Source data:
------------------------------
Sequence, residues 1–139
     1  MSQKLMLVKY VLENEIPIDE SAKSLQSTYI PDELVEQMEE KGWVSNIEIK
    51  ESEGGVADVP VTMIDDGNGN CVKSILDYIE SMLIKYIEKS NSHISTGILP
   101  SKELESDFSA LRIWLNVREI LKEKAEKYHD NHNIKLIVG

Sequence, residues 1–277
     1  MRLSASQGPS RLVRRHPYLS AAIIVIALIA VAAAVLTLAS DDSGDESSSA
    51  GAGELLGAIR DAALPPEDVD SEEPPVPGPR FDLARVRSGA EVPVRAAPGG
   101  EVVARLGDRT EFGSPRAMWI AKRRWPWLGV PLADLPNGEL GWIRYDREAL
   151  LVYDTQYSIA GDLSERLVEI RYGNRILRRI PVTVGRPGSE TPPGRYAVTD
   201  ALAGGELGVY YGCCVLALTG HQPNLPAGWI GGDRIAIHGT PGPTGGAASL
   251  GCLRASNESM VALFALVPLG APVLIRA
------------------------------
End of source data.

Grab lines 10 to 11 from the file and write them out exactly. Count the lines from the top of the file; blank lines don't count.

   201  ALAGGELGVY YGCCVLALTG HQPNLPAGWI GGDRIAIHGT PGPTGGAASL
   251  GCLRASNESM VALFALVPLG APVLIRA